Dundee Evening Telegraph, February 1915

In February 1915, Private James Brown of the Cheshire Regiment had a near death experience the like of which has been seen countless times since in Hollywood movies.

In the Belgian village of Neuve Eglise, his battalion under intense fire, Private Brown was thrown from his feet by a shell blast. His life was saved by a small metal tin he kept in his pocket, without which he would almost certainly have suffered devastating shrapnel wounds to his leg and groin.

The life-saving tin wasn’t just any old piece of metal. It was a Christmas gift sent to Private Brown by royalty. In 1914, the then 17 year old Princess Mary devised a scheme to ensure that every person ‘wearing the King’s uniform’ on Christmas Day 1914 received a Christmas present to remind them that the people back home had them in their thoughts.

Since this represented in excess of 2 million servicemen and women, a fundraising campaign began in earnest. ‘Her Royal Highness the Princess Mary’s Sailors’ and Soldiers’ Fund’ was established in order to appeal for donations from the general public, with advertising being placed in national newspapers, fundraising events held all over the country and other appeals to the patriotism of the time and concern for the morale of the troops abroad and at home.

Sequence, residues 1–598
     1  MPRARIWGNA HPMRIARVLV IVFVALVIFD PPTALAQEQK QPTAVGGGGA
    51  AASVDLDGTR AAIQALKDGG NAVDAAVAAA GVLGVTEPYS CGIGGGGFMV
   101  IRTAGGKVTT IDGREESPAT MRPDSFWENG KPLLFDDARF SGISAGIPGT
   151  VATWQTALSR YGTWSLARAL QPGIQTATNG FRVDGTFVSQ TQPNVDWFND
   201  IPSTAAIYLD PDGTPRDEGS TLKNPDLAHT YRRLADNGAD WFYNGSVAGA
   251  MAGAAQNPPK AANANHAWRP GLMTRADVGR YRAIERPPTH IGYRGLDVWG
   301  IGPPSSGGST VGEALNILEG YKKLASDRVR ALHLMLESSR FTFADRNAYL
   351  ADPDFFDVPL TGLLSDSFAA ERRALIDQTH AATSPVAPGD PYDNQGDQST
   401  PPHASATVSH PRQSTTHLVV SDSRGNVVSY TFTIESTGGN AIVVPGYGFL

It was decided that the gift should be a brass tin, embossed with a silhouette of Princess Mary’s profile. Written beneath her image was ‘Christmas 1914’, and in each corner a different Allied power. The logistics of producing over 2 million brass tins were incredibly complex. Brass was an important metal for the war effort, and so its availability was scarce. Large quantities were bought from America, and later in the war a shipment of brass destined to become Princess Mary Tins was lost when a German U-Boat sank the Lusitania off the coast of Ireland.

Logistics notwithstanding, production began in 1914, and the first troops received their gifts by Christmas Day. The tins contained a number of small gifts aimed at boosting the morale of the recipients. Smokers received tobacco and cigarettes, non-smokers a bullet pencil writing case. Nurses received chocolates. Each and every box received that Christmas contained a Christmas card and a photograph of Princess Mary. After Christmas, the cards would read ‘Happy New Year’, but all of the boxes produced would hold an image of the Princess inside.

The Sailors’ and Soldiers’ fund would continue its work throughout the War, before being disbanded in 1920. Over 2 .5 million Princess Mary Tins had been produced and delivered to grateful recipients, each one a reminder that those serving their King and Country had not been forgotten by those they protected.

Did your ancestors receive the Princess Mary tin? What memorabilia has survived from your family's history? Let us know in the comments section below.

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